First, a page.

“You’ve got to burn the credit cards.”
So says Jim Cramer, the wacky and outrageous host of CNBC’s “Mad Money” finance television show. He was a guest on the “Jimmy Kimmel Live” late show Feb. 27, 2008, promoting his new book “Stay Mad for Life.”
A Harvard graduate and former newspaper reporter and hedge fund manager, Cramer gives his take (often shouting it) on the latest Wall Street moves and developments on his daily show. He’s a lightning rod for controversy. He told Kimmel about criticism he got from real estate agents because he told viewers not to buy real estate right now: “I guaranteed you’d lose money if you buy a house.”
Kimmel, who introduced his guest as “the very unstable Jim Cramer,” asked about the book: “If people, Jim, buy this book, what is the main thing that they are going to learn…?”
Without skipping a beat, Cramer launched into a response that surely made more than a few bank executives cringe:
“They’ve got to burn their credit cards,” Cramer said. “They’ve got to go to their credit card companies and say, ‘Listen pal…’ You’ve got to call them. They don’t want you to default. This is a big secret, OK. They’re going to hate me for this. So you call them and say, ‘Listen man, I’m in a jam here. I cannot afford to pay. I’m going to put all my cards together under one credit card — called snowballing. You don’t want Cramer and all those other guys on Wall Street to think that people are defaulting. I need a break. I need to stretch out the terms.’ They will do it.”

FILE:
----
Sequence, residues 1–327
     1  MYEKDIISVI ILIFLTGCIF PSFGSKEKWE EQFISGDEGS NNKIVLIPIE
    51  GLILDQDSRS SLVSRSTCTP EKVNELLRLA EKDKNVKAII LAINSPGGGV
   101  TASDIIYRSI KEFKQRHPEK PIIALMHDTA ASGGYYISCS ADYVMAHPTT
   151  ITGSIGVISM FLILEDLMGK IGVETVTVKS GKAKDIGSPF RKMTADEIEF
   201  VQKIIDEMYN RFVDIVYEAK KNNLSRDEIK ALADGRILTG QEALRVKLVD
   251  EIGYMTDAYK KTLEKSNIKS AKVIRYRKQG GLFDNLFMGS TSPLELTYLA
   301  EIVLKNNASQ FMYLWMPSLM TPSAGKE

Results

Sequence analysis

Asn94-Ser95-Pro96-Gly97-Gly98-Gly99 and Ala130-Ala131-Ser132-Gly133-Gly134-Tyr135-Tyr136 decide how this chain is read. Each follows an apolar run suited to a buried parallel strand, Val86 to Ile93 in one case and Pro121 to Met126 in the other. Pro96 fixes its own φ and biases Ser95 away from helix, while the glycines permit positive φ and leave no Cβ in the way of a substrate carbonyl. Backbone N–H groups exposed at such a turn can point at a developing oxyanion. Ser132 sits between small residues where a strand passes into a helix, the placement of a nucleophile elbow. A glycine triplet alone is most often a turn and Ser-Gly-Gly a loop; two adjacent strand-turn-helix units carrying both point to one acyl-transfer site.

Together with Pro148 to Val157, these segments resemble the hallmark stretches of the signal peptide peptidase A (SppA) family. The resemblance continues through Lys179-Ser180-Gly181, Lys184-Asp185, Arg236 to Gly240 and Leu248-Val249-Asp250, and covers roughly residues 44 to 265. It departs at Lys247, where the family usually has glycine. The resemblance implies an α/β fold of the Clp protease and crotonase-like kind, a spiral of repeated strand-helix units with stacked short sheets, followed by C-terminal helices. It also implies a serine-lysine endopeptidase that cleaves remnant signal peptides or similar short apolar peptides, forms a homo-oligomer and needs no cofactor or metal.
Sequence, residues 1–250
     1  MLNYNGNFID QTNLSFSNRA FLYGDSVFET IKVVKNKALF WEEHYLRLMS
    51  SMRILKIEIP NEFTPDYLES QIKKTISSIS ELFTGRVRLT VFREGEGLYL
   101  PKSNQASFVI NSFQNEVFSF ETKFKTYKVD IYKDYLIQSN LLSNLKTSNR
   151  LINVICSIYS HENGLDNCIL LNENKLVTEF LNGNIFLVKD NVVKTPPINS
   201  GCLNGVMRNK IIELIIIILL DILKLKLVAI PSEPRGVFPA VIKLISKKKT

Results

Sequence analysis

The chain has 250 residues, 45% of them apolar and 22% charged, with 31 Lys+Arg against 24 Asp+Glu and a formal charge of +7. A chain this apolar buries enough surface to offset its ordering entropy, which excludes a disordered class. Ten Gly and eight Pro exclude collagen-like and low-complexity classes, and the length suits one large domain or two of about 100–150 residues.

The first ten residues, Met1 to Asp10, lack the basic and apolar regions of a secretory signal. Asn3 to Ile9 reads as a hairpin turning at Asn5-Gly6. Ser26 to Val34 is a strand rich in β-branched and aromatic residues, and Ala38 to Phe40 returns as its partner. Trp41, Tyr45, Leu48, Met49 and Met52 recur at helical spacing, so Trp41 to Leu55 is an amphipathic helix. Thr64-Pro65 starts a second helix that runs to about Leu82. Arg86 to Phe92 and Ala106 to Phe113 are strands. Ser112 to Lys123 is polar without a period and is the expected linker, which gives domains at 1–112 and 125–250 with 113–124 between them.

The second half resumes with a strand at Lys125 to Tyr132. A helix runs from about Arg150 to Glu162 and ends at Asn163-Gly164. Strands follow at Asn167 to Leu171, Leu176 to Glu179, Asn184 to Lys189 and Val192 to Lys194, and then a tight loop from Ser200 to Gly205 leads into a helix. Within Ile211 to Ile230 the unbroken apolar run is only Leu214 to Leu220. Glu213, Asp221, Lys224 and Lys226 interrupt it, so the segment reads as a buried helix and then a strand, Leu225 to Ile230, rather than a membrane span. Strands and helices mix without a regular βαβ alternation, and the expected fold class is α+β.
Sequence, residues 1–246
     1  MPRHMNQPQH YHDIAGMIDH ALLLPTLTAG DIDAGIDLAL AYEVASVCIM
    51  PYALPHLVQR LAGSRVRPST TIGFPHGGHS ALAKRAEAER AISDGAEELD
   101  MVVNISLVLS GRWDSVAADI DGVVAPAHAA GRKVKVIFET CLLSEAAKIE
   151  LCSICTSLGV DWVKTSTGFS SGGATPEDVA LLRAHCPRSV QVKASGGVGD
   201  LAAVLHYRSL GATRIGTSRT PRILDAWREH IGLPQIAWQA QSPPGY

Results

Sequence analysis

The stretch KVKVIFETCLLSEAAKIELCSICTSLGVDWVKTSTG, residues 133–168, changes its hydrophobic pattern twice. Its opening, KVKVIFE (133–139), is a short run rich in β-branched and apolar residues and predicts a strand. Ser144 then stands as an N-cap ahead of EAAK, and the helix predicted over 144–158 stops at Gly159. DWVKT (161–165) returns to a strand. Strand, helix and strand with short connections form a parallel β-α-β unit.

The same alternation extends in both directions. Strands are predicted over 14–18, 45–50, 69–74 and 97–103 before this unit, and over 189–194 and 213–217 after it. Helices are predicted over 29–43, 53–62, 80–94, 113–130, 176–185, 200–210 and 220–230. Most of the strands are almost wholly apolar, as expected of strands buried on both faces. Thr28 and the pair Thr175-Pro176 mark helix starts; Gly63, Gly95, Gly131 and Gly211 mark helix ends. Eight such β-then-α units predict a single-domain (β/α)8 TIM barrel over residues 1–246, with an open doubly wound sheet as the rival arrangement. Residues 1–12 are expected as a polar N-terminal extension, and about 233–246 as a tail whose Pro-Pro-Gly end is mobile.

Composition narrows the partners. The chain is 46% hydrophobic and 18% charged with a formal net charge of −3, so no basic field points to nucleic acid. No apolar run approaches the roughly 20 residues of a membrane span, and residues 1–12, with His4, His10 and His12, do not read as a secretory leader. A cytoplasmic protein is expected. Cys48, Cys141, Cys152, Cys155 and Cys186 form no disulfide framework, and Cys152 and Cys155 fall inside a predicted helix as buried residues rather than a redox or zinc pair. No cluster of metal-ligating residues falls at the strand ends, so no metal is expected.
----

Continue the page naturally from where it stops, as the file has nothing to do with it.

Kimmel appeared surprised. “Really?” he asked.
“Yes,” Cramer said. “You’ve got to stop being poor before you can get rich. They’ll do it. They will listen to reason. They will listen to you.
“Tell ’em I said it,” added Cramer, who went on to say he’d be willing to “co-sign those phone calls.”
So how about it folks? Want to call up your credit card companies and give them the Jim Cramer treatment? Think he’ll “co-sign” if you end up defaulting on the account?
It seems you should also be asking the credit card companies to lower your interest rate. Simply stretching out the terms means you pay for longer periods, right?
I guess you have to buy the book to find out exactly how this works.
Let us know if you’re successful.